James Comey on Trump / Telegraph Magazine
Surprisingly, given all James Comey’s recent experiences, the most controversial FBI director since J Edgar Hoover arrives alone in his outsized Lincoln Navigator SUV for our rendezvous at a private home in Washington, DC’s Virginia suburbs. There is not a bodyguard in sight.
He is dressed casually in an open-necked shirt and jacket. He is slim, immensely tall at 6ft 8in – he calls himself a ‘giraffe’ – and looks younger than his 57 years.
He is genial, chatty and amused by a tweet he has seen earlier in the day: above the words ‘Just saying…’ it compared the packed crowds at the recent royal wedding with Donald Trump’s inauguration.
All in all, he is remarkably relaxed considering that since 2016 he has been at the heart of some of the most bitterly contentious events in modern US politics.
Comey is the man accused of handing the Oval Office to Donald Trump by announcing, less than two weeks before the 2016 presidential election, that the FBI had reopened its criminal investigation into Hillary Clinton’s mishandling of classified emails.
Seven months later, Trump fired Comey in the most public and humiliating manner, seemingly for refusing to drop the FBI’s investigation into Russia’s suspected support for Trump. He has denounced Comey as a ‘slimeball’, a ‘grandstander’ and the ‘worst FBI director in history’, and declared that he should be jailed.
Since leaving the FBI, Comey has published a spectacularly damning indictment of the president, A Higher Loyalty: Truth, Lies, and Leadership, which is why he is meeting me: he will arrive in Britain later this month to promote the book, which has topped America’s bestseller lists.
He is now recognised wherever he goes, and respected and reviled in equal measure. He describes the past 18 months as ‘vertigo-inducing’. ‘The whole experience has been surreal and slightly disorientating,’ he concedes at the start of a conversation that is itself, by any standards, surreal.
For the next hour, the man who once led America’s foremost domestic-intelligence and law-enforcement agency proceeds to tell me that it is conceivable that the president of the United States is being blackmailed by Moscow; that Trump might indeed have engaged in perverse sexual practices with Russian prostitutes; that he could be impeached before he finishes his term; that he is ‘morally unfit’ to occupy the Oval Office, and poses the gravest threat to America’s values and institutions that Comey can remember.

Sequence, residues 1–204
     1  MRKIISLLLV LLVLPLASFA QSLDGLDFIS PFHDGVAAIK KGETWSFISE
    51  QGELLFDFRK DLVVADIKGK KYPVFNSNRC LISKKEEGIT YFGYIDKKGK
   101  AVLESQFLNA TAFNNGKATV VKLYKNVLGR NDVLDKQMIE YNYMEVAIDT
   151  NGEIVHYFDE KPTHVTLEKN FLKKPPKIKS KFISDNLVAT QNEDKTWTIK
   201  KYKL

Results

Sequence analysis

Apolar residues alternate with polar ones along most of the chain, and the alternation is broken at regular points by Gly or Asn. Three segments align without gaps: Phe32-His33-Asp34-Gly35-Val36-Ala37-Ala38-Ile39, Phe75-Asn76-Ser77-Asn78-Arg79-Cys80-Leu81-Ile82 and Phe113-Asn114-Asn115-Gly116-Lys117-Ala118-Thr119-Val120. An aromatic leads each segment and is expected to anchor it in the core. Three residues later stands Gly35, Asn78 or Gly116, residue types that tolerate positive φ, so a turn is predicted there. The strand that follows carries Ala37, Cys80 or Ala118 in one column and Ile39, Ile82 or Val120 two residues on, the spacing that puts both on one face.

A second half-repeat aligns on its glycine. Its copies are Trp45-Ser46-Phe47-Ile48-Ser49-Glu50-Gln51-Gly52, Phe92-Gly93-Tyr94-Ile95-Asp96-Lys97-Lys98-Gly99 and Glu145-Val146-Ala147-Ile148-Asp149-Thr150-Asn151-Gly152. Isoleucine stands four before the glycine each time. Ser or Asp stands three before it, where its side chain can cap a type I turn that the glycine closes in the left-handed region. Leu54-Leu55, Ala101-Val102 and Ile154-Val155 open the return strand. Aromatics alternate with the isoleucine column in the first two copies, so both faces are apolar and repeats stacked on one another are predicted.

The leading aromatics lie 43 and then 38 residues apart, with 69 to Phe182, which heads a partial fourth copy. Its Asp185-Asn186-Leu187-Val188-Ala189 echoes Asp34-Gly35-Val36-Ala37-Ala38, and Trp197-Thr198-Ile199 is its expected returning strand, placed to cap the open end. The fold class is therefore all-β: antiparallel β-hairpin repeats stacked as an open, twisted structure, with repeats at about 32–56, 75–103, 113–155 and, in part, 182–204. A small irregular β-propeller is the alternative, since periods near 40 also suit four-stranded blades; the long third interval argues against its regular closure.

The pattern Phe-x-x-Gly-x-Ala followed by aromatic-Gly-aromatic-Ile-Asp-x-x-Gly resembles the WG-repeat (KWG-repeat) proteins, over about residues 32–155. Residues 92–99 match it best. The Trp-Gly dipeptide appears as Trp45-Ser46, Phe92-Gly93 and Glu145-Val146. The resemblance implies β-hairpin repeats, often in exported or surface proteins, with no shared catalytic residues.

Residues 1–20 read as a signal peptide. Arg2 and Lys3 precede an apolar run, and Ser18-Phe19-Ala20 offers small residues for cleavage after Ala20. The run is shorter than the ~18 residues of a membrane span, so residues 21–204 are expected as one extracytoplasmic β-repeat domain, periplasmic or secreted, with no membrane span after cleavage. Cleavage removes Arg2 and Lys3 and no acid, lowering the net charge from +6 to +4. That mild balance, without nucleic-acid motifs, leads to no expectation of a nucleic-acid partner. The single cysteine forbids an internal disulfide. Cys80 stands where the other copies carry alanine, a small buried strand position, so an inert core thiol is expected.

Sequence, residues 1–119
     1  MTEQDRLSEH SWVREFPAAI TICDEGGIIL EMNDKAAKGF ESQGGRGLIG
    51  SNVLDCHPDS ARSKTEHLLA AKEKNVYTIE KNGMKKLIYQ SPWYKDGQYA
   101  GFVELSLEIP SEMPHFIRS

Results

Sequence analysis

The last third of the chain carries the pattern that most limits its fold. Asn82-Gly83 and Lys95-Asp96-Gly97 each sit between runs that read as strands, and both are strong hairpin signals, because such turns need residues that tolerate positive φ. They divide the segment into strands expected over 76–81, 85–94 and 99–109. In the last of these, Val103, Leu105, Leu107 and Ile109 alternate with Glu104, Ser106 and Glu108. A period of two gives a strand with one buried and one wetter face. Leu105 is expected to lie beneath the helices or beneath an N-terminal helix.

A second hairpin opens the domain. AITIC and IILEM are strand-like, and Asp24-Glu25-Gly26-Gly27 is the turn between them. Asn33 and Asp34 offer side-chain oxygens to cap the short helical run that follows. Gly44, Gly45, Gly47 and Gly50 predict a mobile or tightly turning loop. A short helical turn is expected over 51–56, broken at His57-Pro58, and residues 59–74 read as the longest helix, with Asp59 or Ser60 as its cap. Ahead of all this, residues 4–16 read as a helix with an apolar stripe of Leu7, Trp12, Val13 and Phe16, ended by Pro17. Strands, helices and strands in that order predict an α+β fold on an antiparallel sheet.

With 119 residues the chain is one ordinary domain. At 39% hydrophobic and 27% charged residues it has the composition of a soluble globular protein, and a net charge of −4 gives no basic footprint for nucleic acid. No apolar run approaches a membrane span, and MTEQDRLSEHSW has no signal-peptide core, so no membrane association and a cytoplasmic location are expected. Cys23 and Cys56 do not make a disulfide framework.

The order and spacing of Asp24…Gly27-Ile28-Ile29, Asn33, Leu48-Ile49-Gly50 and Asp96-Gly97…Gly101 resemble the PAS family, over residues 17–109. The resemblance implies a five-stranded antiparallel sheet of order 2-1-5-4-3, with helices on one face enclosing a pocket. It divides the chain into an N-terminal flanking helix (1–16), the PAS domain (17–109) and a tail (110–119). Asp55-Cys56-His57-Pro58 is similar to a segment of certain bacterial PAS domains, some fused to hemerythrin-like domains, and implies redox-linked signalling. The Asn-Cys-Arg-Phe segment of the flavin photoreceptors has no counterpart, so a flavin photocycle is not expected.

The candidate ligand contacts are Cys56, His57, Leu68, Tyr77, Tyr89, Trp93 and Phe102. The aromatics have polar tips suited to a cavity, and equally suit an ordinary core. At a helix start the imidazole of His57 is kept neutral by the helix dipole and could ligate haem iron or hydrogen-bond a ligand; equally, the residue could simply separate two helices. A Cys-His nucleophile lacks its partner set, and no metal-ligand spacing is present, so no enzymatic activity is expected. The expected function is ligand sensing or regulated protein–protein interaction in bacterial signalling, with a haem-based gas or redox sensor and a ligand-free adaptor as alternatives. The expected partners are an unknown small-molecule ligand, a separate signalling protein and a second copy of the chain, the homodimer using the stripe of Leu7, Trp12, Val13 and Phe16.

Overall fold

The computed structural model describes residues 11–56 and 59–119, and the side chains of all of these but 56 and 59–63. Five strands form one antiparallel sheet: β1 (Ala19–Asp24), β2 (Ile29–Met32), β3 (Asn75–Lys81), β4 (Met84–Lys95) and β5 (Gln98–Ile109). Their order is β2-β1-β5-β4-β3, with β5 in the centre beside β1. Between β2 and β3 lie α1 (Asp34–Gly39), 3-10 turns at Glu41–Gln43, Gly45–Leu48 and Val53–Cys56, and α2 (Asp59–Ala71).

Comey is coming to London not just to sell books, he insists, but to make it clear to America’s closest ally that his country’s lying, bullying and reckless president is an aberration. ‘I would like the British people to know that this is not us… that the conduct they see now doesn’t reflect our values.’
Comey’s foes regard him as arrogant, vain and sanctimonious, and there is certainly a high-minded, slightly puritanical side to this devout Christian, father of five children and occasional foster parent.
‘Saint Jimmy’, as Comey is sometimes known, likes to recall how he inclined towards a career as a prosecutor after a notorious rapist broke into his family’s New Jersey home when he was 16 and held him and his younger brother at gunpoint. His college thesis was on ‘The Christian in Politics’.
In response to endless comments that a man of his height must surely have played college basketball, he used to reply simply, ‘Yup,’ to avoid having to explain why he did not: one day he realised he was lying and wrote to all those he had misled to tell them the truth.
As a US attorney in New York in 2003, he successfully prosecuted the lifestyle guru Martha Stewart for lying to investigators in a stock case.
As deputy US attorney general from 2003 to 2005, a quote from his Senate confirmation hearings was stuck on his fridge door: ‘I don’t care about politics. I don’t care about expediency. I don’t care about friendship. I care about doing the right thing.’
Although appointed to that post by President George W Bush, he enraged the White House by doggedly opposing the administration’s use of untrammelled electronic surveillance and torture in the ‘war on terror’. Quoting Martin Luther, he told Bush, ‘Here I stand, I can do no other.’
He got on well with President Obama, who appointed Comey FBI director in 2013 – he likes to cite a tweet that complained, ‘That Comey is such a political hack. I just can’t figure out which party.’ But he resisted President Trump’s repeated attempts to compromise the Bureau’s independence – which is why, he believes, his 10-year term was abruptly curtailed after just four.
I still feel sick about the notion we had any impact [on the election]
The FBI began investigating Clinton’s misuse of her private email server in July 2015. A year later Comey announced, to Republican fury, that she had been ‘extremely careless’ but would not be charged.
Then, 12 days before the 2016 election, he reopened the investigation following the discovery of a huge new batch of Clinton’s emails on the laptop of Anthony Weiner (the estranged husband of a Clinton aide and a former congressman, who had resigned for sending sexually explicit pictures of himself to women). Clinton’s narrow lead evaporated, and although the FBI exonerated her a second time two days before the vote, Trump won. She and her husband, Bill, both blamed Comey for her defeat.
He tells me he found it painful even to write about that episode. ‘I still feel sick to my stomach about the notion we had any impact [on the election], and I secretly hope that some day academics will demonstrate we had no impact whatsoever.’
But he continues to believe he did the right thing, and strenuously denies any political motivation – his own wife and daughters were ardent Clinton supporters. He had to choose between speaking and concealing, he explains. ‘One option was bad and the other was terrible.’